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Financial sector jobs come in many different forms, but among the most common jobs are those related to lending and investing. Banks hire large numbers of people to work as both business and consumer lenders. Investment firms and banks hire individuals with backgrounds in sales or finance to work as financial advisers and investment representatives. Aside from sales related positions, there are many financial sector jobs that are based around day-to-day operations and functionality rather than generating profits.
Banks and credit unions both hire people to work as financial specialists or personal bankers. These financial sector jobs are often entry-level positions, although higher paying employers require job applicants to have business related degrees or several years of prior experience. Financial specialists and bankers open deposit accounts and submit applications for consumer loans and credit cards. These jobs are salaried positions, although bankers also receive sales-based commissions.
Mortgage companies and banks hire specialist lenders who must proactively seek out new clients by soliciting referrals from real estate agents, builders, and other contacts. Generally, mortgage lenders do not receive a salary and instead receive commission-based pay. Commercial lenders who specialize in writing loans for businesses normally receive both a salary and sales-based bonuses. In many financial institutions commercial lenders are the most senior company employees, and many serve dual roles as both lenders and area executives.
Investment companies hire salespeople to sell securities, such as stocks, bonds, and mutual funds. In most countries, investment sales people must obtain government-issued licenses before starting work, and most companies pay for employees to obtain these licenses. People who sell securities normally receive commission-based pay rather than a salary. Staff members who provide marketing support to salespeople are typically salaried.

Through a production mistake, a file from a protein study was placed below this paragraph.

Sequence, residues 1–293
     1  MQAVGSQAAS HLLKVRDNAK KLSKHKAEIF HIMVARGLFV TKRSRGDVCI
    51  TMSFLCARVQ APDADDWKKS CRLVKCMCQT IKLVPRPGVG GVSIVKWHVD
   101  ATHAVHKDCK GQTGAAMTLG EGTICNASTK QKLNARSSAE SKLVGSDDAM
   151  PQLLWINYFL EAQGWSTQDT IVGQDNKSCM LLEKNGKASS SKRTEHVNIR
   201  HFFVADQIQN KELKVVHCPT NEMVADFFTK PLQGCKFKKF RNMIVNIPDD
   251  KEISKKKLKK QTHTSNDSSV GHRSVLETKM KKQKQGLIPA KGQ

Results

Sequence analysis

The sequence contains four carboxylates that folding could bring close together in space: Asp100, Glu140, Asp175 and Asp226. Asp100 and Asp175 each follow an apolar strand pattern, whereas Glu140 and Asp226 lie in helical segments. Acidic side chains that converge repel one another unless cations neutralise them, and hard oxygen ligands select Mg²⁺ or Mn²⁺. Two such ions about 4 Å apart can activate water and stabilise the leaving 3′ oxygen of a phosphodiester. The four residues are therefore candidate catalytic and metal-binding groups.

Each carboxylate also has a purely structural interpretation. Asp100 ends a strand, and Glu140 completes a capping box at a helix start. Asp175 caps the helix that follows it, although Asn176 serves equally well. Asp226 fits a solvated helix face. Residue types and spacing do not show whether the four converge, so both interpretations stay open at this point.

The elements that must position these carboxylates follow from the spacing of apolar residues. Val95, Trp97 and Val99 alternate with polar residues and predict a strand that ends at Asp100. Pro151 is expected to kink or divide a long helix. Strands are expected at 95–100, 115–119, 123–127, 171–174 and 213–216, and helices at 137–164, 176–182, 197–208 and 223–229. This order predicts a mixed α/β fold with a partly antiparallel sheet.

Banks and investment companies must comply with various government regulations pertaining to operational procedures. Every financial institution employs operational managers who are responsible for ensuring that account records are properly maintained and that employees act ethically and within the law. Operational managers are salaried and receive no sales related bonuses, so these employees have no financial incentive to overlook any sales related impropriety. These managers typically conduct regular audits and have the authority to take disciplinary measures against employees who are found to have violated company policies or laws.
Entry-level financial sector jobs often include paying and receiving clerks or tellers. These employees service existing customers and take care of basic service related issues. Tellers and billing clerks normally report to a supervisor who handles customer complaints and disciplinary matters. Senior clerks generally move into vacant supervisor positions, although some clerks with sales experience eventually become lenders or investment representatives.
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